Epic Soundtracks: Rise Above (1992)

One of the saddest, strangest, and loveliest albums in my collection. 

Epic Sountracks was the drummer for Swell Maps, a somewhat raw, experimental (and awesome) early post-punk band, playing with his brother Nikki Sudden (no, not their real names).  Soundtracks then went on to play drums with some other dark and iconoclastic indie bands.  For his 1992 solo debut, he was joined by members of Sonic Youth, Dinosaur Jr., and the Birthday Party, among the loudest, most raging indie bands.

So, not surprisingly, the album sounded like... well, like early Todd Rundgren crossed with Laura Nyro crossed with Carole King crossed with John Cale.  Pretty piano ballads as far as the eye can see.

Huh.  Go figure.

Certainly not what I expected when I first brought it home.  And the other thing I didn't expect was just how emotionally draining and melancholy the thing would sound.  Even the more poppy, upbeat tracks, which sounded like they'd been orchestrated by Burt Bacharach, with gentle sax accompaniments, had an underlying sadness.  And while Soundtracks, after a few more releases, sadly took his own life, that's not what drives the melancholy here.  I think it's more in the overall musical vibe, that instant nostalgia for the early 70s that brings me back to my childhood.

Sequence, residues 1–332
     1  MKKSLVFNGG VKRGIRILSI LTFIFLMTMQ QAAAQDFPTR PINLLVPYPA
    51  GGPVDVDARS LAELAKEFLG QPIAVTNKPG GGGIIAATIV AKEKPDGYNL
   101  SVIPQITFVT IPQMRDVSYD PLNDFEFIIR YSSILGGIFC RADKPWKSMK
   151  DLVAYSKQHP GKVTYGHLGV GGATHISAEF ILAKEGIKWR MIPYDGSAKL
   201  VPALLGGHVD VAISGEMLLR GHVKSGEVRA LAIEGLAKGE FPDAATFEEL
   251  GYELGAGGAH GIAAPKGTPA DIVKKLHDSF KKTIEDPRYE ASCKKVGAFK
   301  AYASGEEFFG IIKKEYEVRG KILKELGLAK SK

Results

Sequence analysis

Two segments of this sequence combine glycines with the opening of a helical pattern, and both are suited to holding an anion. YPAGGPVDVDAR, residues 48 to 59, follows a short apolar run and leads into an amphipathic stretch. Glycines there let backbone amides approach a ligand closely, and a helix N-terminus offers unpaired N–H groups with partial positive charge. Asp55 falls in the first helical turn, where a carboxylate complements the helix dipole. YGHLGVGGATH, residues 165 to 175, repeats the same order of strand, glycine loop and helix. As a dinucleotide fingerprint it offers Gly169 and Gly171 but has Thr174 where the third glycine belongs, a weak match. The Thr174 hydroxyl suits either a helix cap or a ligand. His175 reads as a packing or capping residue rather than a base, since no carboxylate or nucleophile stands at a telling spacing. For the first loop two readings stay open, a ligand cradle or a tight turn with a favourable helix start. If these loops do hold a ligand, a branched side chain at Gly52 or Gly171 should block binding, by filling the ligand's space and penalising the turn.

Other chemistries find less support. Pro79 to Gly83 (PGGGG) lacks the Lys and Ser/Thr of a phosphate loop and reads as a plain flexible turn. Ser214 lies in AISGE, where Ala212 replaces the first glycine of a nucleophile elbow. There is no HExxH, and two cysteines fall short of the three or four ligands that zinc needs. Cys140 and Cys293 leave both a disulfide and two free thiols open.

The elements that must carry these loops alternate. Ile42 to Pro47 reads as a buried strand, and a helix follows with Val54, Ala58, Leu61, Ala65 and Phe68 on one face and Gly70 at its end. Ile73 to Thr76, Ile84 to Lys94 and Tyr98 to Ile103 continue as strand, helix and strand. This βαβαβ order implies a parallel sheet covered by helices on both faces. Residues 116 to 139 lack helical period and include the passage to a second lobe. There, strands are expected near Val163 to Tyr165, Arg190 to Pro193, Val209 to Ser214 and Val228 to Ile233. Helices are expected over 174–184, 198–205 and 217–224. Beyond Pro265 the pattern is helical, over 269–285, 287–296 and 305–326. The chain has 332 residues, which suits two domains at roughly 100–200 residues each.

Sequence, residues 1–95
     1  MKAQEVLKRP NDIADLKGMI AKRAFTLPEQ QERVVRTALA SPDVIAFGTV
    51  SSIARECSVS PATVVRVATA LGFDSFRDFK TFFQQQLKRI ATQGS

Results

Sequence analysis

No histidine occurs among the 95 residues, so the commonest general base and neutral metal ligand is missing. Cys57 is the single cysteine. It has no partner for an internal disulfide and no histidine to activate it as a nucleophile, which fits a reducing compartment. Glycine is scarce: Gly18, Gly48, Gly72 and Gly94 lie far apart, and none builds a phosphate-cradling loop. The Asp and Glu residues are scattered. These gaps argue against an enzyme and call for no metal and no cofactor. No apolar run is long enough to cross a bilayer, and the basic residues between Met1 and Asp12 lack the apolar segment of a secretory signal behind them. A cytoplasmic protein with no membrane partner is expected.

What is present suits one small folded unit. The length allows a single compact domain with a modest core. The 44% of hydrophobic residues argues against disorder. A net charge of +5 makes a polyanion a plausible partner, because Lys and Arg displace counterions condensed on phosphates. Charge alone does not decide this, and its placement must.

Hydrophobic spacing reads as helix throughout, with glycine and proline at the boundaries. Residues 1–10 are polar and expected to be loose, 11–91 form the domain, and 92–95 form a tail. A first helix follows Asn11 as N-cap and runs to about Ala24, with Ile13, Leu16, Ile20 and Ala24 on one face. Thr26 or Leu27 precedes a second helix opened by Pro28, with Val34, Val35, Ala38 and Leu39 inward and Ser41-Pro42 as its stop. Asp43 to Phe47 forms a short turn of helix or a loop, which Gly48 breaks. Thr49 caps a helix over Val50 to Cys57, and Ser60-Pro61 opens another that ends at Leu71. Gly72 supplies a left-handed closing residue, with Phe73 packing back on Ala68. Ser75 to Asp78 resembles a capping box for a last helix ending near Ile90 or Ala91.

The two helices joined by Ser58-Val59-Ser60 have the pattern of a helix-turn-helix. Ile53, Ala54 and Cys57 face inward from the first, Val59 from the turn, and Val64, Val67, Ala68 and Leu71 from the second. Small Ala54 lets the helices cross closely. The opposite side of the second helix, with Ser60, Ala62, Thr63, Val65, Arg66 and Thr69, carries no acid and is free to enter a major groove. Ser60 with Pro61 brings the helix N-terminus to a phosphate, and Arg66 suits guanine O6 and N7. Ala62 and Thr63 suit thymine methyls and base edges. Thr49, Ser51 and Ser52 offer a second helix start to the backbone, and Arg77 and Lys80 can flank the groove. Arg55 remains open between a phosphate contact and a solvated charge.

The album opens with "Fallen Down," a stellar pop tune, sweet and absolutely gorgeous, which blows up into a lush, full band rocker by the end.  If someone had told me they had pulled this from some obscure singer-songwriter album from 1972, I'd have no reason to doubt that.  Other great tunes include "Farmer's Daughter" (not the Beach Boys track, though it could be a Beach Boys track), another simple pop song with some rousing instrumentation to perk it up; "Everybody Else Is Wrong," with stark lyrics ("everybody else is so fucked up they just haven't got a clue") but a nice affirmative message; the complex, John Cale-like multi-part epic "Big Apple Graveyard"; and closing number "She Sleeps Alone," a nice counterpart to the opener, lovely piano-driven pop with a wonderful hook.

Some of the quieter moments call to mind Big Star's Third, dark and haunting.  If you like that album, or Elliott Smith, or John Cale, you won't go wrong with this.  It's a truly surprising album, but one that really digs into your gut.

Here's an audio rip of "Fallen Down" if you're not Spotify-enabled:
Ditto "Farmer's Daughter":